Alongside the euro crisis, Europe’s standoff with Russia on Ukraine on Gauck’s watch has revived a source of historical tension, one that many believed had been buried under the rubble of the Berlin Wall in 1989. The German question updated for the 21st century, it has three main facets: what is Germany’s relationship with itself, a quarter-century after unification?; how does it relate to its European neighbours, after seven years of crises?; and how does Germany view its place in an uncertain world of global trade, terrorism and refugee crises?
Last year Gauck's partner, Daniela Schadt, who accompanies the president in Ireland, boiled down Germany's challenges into a question that she says interests Gauck the most: "How do I define myself?"
This question underpinned his landmark speech last year that the terrible historical shadow of Germany's unilateral Sonderweg, or special path, was no longer a valid excuse for ducking global responsibility – including military action – in the present. "We should not trust in ourselves because we are the German nation," he said, in a nod to disastrous über alles hubris of the past, "but because we are this German nation".
This red thread runs right through his speeches: that Germans’ new-found ease in their own skins is only a means to an end, as well as strength to drive the causes of freedom and human rights.
With the gentle, persistent nudges of an experienced Seelsorger and gifted orator, Gauck wants to bridge the continuing gap between what Germany's partners believe it is able – even obliged – to do and what Germans feel comfortable doing.
Although Germans are still wary of a larger role in the world, Gauck welcomes the debate he sparked. And although he would like “even more clarity” on German foreign policy in the future, he points with satisfaction to German involvement in challenges as diverse as the Ukraine conflict and combating Ebola.
“These completely divergent scenarios show how comprehensive our conflict-management skills and resources already are,” he says. “Even if there is room for improvement, I’m very glad that we’re so involved in many fields.”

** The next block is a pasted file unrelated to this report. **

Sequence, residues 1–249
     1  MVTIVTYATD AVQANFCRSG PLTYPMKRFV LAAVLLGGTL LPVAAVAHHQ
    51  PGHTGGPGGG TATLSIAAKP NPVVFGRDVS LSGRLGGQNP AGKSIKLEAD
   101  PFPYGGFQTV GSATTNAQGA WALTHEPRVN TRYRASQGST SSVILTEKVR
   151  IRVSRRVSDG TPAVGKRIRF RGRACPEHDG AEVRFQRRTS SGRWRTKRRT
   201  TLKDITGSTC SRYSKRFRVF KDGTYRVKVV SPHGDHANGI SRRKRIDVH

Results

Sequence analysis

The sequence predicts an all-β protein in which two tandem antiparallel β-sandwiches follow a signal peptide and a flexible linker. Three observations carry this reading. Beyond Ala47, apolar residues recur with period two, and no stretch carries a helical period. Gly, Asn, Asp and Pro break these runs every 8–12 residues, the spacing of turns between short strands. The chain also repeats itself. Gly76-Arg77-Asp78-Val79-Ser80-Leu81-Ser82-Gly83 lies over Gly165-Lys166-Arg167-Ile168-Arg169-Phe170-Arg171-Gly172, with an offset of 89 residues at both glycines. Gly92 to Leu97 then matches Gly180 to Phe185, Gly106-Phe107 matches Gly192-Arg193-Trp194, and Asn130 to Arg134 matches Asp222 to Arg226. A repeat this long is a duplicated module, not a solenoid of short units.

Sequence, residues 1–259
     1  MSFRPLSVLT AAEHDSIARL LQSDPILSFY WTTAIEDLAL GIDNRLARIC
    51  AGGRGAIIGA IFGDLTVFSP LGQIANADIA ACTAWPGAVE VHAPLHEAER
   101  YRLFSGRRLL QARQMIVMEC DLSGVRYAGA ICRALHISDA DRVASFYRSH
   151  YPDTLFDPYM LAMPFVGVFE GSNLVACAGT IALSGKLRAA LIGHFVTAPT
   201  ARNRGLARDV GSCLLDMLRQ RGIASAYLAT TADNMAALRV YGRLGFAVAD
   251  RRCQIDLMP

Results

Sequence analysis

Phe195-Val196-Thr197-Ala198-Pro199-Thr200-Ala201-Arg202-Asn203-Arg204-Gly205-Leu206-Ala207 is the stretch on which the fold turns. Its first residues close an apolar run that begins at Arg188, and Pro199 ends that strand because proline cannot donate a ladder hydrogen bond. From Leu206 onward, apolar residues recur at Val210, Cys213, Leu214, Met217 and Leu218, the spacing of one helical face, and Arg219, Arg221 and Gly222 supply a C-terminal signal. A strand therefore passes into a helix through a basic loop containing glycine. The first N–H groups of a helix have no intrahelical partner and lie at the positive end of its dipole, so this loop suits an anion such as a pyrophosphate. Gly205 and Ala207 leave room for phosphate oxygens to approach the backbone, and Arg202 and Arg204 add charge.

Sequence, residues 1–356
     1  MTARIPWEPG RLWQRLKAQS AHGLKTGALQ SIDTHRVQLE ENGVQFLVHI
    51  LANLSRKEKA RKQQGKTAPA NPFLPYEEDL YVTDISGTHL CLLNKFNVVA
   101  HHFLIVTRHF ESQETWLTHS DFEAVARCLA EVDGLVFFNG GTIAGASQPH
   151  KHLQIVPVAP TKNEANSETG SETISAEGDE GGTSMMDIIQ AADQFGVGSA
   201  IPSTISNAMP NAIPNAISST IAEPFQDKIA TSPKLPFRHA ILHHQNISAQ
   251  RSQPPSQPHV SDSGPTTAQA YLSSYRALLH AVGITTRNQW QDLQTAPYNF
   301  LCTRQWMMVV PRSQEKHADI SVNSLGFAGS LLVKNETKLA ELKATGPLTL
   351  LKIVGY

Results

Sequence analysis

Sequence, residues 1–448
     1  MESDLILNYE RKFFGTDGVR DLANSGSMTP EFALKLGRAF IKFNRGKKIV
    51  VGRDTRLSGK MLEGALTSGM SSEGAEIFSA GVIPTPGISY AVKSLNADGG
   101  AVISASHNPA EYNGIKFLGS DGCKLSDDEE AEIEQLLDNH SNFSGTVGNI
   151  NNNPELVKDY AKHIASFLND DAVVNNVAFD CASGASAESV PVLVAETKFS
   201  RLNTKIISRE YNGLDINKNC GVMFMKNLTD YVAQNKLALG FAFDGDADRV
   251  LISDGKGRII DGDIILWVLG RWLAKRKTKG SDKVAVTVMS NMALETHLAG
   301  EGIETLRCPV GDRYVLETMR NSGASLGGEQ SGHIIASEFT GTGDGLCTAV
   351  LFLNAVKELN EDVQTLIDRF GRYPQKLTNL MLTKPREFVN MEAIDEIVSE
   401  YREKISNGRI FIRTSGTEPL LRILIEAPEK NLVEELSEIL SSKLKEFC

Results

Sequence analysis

On his three-day visit to Ireland Gauck will visit both houses of the Oireachtas and Trinity College Dublin, where he will see the Book of Kells. After a State dinner on Monday, and a reception at Farmleigh on Tuesday, he heads west on Wednesday to the Cliffs of Moher, the Burren and NUI Galway’s Irish Centre for Human Rights.
The German president says his trip is about underlining a “shared commitment to human rights, peace and development” and to underline “close and trusting exchange” between governments and parliaments. “When it comes down to it, the crisis has not changed that.”
It is a point rarely uttered but worth remembering. Even during the darkest crisis days, and the uproar at Bundestag previews of Ireland’s bailout budgets, Irish public opinion of Germany rarely dipped as low as published opinion of “the Germans”.
In fact a 2012 Irish Times poll found that 64 per cent of Irish respondents felt Germany was either doing enough or being asked to do too much in the crisis. Today, a quarter-century after EU leaders backed German unification at their Dublin summit, that country's head of state and its head of government are both leaders from the former east.
Gauck and Chancellor Angela Merkel are very different personalities, and much speculation surrounds their relationship. Three years after he took office, following the resignation of his predecessor, Christian Wulff, Gauck and Merkel have found a modus operandi as complementary, popular figures rather than as competitors.
And in times of tragedy, such as the Germanwings crash last March, the chancellor learned that in Gauck she has someone who intuitively sensed, and passed on, what the nation needed to share with grieving families: wordless, dignified empathy.
Combining intellectual gravitas with the common touch, Germany's Seelsorger-in-chief is always worth listening to.